Breakfast Briefing: 5 things for PR pros to know on Wednesday morning

Martin Sorrell's next move; Roseanne Barr blames Ambien for racist tweets.

Photo credit: Getty Images
Photo credit: Getty Images

Martin Sorrell has quickly gotten back in the game. The former WPP CEO is launching a "multinational communication services business" known as S4 Ventures (Campaign) that is already in takeover negotiations with several firms (Guardian). Sorrell has shown interest in Kantar, according to one French newspaper (Business Insider). The strategy, using a shell company to snap up firms, is familiar to observers who have studied Sorrell’s strategy for building WPP starting in the 1980s (Reuters).

Ambien was at the top of trending Twitter topics this morning, and not for any reason the brand would have wanted. Roseanne Barr blamed the insomnia treatment for racist jokes she made about former Obama adviser Valerie Jarrett, which led to her swift dismissal by ABC (Reuters). Network executives reportedly decided to cancel the comedian’s show on Tuesday after suddenly realizing "enough was enough" by the third or fourth time she posted problematic tweets (CNN).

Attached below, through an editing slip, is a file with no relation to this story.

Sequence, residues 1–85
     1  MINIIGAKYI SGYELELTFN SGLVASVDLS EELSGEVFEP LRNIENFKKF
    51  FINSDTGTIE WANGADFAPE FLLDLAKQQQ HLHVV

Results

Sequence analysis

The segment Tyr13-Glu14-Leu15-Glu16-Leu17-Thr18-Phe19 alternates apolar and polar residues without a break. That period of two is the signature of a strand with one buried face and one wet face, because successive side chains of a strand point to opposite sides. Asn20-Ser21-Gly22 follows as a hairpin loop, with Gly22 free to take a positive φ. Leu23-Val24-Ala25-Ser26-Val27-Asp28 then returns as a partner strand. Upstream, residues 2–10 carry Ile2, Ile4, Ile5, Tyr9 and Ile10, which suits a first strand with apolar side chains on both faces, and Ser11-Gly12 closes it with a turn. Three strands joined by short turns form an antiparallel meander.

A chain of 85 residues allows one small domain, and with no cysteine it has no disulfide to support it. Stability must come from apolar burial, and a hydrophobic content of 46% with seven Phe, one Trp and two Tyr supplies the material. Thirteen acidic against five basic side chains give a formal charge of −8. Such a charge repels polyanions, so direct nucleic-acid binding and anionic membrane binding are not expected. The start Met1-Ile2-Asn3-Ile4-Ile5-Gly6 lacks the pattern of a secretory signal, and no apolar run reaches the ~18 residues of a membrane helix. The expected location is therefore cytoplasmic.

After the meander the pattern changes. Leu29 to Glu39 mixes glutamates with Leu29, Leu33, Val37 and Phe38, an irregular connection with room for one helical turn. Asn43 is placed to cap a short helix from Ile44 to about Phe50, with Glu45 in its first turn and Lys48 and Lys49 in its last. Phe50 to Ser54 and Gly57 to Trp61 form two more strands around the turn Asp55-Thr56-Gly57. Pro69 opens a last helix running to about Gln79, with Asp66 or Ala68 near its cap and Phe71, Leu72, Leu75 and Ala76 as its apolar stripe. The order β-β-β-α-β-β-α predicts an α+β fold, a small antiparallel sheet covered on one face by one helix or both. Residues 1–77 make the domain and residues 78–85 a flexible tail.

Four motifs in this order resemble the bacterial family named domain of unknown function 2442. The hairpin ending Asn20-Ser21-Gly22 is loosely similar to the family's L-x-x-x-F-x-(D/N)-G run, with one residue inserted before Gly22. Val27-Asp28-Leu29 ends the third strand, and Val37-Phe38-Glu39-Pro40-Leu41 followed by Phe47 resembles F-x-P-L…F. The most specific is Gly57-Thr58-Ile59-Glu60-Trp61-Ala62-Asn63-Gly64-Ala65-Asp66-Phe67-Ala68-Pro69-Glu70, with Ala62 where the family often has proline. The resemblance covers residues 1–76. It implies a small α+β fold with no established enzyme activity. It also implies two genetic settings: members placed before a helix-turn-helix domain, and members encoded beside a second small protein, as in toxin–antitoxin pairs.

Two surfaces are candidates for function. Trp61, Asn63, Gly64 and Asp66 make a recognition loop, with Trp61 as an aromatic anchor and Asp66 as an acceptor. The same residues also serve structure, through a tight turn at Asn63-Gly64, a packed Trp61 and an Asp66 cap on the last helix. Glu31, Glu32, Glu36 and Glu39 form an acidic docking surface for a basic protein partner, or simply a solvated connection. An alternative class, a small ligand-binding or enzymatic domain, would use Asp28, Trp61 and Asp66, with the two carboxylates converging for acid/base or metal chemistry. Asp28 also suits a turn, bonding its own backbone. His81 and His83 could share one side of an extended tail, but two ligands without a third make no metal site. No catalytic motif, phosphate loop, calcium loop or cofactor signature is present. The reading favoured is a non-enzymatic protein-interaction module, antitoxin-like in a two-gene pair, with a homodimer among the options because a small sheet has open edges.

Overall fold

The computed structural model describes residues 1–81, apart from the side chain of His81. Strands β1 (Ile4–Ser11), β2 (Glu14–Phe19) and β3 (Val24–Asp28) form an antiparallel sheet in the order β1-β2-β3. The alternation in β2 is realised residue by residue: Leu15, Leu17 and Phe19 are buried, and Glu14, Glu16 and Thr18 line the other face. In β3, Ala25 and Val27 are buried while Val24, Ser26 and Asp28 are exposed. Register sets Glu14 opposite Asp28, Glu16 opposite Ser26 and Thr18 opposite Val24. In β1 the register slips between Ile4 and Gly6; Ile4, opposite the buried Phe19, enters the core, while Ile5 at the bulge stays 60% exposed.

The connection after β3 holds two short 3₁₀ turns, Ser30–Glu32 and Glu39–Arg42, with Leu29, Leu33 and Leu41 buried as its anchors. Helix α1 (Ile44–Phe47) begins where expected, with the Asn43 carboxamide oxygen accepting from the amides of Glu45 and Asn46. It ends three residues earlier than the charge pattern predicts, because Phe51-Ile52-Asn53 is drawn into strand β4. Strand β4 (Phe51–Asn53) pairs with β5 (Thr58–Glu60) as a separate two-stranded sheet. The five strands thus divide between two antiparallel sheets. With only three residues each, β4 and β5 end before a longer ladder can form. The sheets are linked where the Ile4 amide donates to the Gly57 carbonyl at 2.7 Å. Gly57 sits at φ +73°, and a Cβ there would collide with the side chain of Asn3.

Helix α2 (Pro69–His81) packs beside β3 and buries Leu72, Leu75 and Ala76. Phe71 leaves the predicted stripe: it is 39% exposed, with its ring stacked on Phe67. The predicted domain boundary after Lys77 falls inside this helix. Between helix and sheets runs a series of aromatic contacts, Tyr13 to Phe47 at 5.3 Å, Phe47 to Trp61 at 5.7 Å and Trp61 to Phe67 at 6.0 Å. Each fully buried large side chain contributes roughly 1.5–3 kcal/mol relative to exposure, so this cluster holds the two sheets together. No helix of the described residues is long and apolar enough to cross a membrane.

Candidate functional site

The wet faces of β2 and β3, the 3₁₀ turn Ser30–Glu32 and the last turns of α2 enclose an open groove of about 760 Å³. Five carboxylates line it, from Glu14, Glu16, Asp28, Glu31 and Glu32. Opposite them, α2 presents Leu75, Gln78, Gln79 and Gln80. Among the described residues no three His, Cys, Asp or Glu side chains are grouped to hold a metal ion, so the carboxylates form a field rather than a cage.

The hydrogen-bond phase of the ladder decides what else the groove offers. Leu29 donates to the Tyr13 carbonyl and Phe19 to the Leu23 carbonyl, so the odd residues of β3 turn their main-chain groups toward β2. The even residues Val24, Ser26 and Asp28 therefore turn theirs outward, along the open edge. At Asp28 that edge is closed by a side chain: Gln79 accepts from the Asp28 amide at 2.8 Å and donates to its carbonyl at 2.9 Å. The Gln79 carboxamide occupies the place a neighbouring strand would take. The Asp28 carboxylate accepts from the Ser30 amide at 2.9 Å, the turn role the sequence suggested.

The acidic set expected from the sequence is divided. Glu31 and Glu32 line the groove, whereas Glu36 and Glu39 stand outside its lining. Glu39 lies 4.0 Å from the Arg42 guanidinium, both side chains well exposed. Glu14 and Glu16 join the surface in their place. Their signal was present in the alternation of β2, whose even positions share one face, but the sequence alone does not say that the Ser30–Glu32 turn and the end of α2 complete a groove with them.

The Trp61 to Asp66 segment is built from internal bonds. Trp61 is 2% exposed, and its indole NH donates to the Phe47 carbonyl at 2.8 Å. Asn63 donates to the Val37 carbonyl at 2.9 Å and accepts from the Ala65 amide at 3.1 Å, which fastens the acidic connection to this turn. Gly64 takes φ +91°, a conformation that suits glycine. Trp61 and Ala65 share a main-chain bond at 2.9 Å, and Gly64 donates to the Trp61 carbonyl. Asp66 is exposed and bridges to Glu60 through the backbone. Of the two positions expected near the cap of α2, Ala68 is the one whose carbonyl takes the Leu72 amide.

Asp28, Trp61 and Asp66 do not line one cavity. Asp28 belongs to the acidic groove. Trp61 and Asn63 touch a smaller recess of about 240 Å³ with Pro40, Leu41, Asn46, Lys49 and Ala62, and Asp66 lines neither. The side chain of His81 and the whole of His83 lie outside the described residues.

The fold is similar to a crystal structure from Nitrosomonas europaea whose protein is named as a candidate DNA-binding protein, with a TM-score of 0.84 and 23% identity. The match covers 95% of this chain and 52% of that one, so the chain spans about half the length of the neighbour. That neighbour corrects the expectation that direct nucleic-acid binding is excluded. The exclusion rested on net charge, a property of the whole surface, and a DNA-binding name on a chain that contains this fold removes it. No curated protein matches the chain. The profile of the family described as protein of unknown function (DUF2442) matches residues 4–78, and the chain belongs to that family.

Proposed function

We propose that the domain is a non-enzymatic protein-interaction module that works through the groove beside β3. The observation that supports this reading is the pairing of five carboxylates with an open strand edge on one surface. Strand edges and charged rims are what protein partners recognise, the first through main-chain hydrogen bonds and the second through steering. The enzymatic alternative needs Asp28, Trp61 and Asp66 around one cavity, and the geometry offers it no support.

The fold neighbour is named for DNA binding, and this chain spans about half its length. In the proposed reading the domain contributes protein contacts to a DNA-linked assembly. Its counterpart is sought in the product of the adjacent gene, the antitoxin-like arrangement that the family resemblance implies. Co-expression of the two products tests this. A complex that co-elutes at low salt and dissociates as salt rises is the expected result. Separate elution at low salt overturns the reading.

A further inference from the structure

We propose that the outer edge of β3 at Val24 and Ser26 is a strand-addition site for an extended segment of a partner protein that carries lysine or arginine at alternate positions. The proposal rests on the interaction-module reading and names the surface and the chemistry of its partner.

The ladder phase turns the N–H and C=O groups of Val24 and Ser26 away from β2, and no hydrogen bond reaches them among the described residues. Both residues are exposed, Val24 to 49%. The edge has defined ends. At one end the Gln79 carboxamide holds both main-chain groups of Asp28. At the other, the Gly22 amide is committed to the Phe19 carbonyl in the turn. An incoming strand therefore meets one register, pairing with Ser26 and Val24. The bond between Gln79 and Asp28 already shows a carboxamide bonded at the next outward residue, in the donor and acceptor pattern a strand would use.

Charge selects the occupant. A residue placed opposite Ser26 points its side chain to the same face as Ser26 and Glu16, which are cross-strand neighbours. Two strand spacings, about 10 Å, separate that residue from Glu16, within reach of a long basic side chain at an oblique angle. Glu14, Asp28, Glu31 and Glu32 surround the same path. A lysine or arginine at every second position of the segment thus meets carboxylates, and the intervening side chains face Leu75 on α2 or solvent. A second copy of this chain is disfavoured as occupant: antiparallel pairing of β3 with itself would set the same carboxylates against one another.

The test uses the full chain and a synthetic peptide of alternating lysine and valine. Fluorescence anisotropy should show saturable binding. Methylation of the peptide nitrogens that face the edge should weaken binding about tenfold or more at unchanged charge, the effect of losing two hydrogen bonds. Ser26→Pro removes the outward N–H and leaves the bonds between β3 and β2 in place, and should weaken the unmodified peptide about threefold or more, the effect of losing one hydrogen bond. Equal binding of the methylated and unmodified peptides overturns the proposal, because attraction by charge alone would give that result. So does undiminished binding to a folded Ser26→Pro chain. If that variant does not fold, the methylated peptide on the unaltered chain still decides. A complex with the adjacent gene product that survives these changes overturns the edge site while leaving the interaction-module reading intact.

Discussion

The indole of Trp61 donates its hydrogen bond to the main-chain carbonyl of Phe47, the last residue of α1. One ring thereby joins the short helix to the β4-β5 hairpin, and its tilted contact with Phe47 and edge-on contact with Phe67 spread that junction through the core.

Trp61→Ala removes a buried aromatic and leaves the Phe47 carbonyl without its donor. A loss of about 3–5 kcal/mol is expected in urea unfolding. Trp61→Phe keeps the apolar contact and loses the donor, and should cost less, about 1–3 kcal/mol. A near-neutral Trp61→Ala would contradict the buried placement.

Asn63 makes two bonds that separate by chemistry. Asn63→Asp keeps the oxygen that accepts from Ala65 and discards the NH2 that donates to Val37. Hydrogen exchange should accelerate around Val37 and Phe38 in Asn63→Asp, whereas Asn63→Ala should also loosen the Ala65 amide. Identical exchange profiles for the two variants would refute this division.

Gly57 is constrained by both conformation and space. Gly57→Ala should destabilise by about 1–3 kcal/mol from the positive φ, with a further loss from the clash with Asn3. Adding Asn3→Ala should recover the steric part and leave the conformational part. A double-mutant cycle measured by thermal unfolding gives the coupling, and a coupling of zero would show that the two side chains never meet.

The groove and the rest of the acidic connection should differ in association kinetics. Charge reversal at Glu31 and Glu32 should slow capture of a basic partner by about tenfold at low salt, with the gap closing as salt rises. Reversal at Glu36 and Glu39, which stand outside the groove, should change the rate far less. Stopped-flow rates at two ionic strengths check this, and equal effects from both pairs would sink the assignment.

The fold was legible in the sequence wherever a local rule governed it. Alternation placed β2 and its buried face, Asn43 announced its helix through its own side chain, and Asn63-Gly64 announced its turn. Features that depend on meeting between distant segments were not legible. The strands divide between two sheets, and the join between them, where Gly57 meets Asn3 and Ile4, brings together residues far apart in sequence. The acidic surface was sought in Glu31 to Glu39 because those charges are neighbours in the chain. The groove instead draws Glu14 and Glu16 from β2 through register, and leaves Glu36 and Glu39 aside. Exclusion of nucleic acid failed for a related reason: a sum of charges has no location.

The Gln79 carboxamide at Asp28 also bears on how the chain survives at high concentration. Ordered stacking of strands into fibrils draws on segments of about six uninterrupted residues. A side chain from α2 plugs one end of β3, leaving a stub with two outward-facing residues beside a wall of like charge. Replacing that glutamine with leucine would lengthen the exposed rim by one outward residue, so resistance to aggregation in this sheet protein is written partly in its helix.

Tuesday’s bias training for Starbucks employees included small group sessions for staffers and messages from executives and the rapper Common (CNN Money). It also featured a short film from documentarian Stanley Nelson in which a black man talks about his own experiences being profiled in American businesses (NPR).

Headlines from Code Conference: Facebook COO Sheryl Sandberg indicated her company is still getting to the bottom of the Cambridge Analytica scandal, acknowledging, "To this day, we still don’t actually know what data Cambridge Analytica had" (Recode). Snap CEO Evan Spiegel also took a shot at the social network’s penchant for mimicking Snapchat features, quipping, "We would really appreciate it if they copied our data protection practices also" (Recode).

New ownership for Paul Wilmot Communications. Hampton Carney has bought a majority stake in the fashion and lifestyle agency from Omnicom Group, as well as minority investments from cofounders, and will assume the title of CEO. Carney joined the firm in 1997 (WWD).

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